Raising healthy chicks and ensuring their well-being necessitates meticulous care and attention to their environment. To achieve optimal outcomes, it’s crucial to maintain the following essential standards and guidelines when raising chicken chicks:
- Warm and Dry Brooder: After hatching, the chicks should be placed in a warm and dry brooder until they have developed some feathers. The brooder should be well-ventilated and free from drafts. This will help prevent any respiratory problems that can occur due to poor ventilation.
- Safe Environment: The brooder should be safe from access by children and predators to ensure the safety of the chicks. The brooder should be securely enclosed to prevent any unwanted entry.
- Suitable Flooring: To prevent the chicks from developing splayed legs, the flooring of brooder should not be smooth or slippery. Coarse sawdust or thick paper should be used to line the floor, which also makes cleaning easier. Smooth wood should be avoided as the birds may peck at it, which can cause health problems.
By following these guidelines, you can create a safe and comfortable environment for your chicken chicks, helping them grow into healthy adult birds.
Importance of Temperature Control for Chick Health and Survival
Maintaining appropriate temperature is essential for the survival and healthy growth of chicks. To achieve this, infrared lighting with a power of 250 watts is recommended, which is sufficient to heat up to 100 chicks. Although this lighting is expensive and consumes electricity, an alternative option is using a regular 100-watt light, which is adequate for only 50 chicks.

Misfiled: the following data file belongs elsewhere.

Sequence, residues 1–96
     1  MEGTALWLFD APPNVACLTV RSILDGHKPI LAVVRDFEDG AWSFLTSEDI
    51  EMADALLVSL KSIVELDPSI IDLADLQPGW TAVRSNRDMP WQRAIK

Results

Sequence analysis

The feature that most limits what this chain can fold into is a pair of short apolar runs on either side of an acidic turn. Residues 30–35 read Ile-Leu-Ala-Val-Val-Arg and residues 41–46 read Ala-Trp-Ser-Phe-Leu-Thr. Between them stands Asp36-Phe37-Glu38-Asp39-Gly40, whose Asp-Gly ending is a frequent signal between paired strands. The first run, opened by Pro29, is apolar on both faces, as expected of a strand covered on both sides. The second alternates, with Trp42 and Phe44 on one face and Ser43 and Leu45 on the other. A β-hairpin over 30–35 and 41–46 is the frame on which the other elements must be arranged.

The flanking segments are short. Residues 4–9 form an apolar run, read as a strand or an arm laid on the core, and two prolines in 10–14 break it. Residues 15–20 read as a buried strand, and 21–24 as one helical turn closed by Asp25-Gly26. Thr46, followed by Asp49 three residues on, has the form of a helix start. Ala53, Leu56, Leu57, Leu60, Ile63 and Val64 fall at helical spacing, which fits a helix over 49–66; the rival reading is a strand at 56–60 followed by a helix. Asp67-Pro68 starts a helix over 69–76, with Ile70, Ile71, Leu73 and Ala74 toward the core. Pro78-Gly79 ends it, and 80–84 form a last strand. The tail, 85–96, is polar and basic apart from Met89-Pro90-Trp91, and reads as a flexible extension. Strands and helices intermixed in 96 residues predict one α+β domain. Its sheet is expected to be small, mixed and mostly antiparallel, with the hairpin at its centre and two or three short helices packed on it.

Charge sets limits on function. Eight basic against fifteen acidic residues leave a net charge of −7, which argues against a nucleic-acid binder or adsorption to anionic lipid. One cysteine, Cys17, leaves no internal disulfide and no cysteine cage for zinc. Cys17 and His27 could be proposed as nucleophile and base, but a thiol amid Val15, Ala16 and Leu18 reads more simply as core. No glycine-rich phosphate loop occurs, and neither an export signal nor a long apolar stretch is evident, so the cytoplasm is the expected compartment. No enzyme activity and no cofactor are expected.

Temperature Control During the First Week
During the first week of hatching, the temperature should be kept at 35 degrees Celsius, with a reduction of 5 degrees Celsius at the end of each week until it reaches 30 degrees Celsius. Once the temperature matches the natural room temperature, the artificial lighting can be removed. Typically, when the chicks reach their sixth or seventh week, and their feathers are fully grown, they can be moved to the chicken coop.
Proper Placement of Lighting and Food
To ensure proper temperature regulation, the lighting should be placed half a meter above the incubator floor, with a thermometer elevated about 5 cm above the floor to obtain accurate readings. The light should be secured on one side of the incubator, with food and drink placed on the opposite side.
Monitoring Temperature and Adjusting as Required
Avoid placing the lighting in the center of the incubator. Instead, secure it to one side and position the food and water on the opposite side, away from the light source. If the chicks remain dispersed and do not gather under the light, the temperature is suitable. However, if they display signs of thirst, reduced food intake, and lethargy, the temperature may be too high. On the other hand, if the chicks huddle in the center of the light and exhibit diarrhea, the temperature is too low. In both cases, the temperature should be checked and adjusted.
Expansion of Space and Lowering of Temperature
As the chicks grow, they require a larger space and lower temperatures. Failure to expand the space or adjust the temperature each week may impede growth and delay feather formation. To avoid crowding and excessive heat, fresh water and feed should be provided. Overall, adhering to the recommended weekly temperature reduction range is crucial for proper chick growth and development.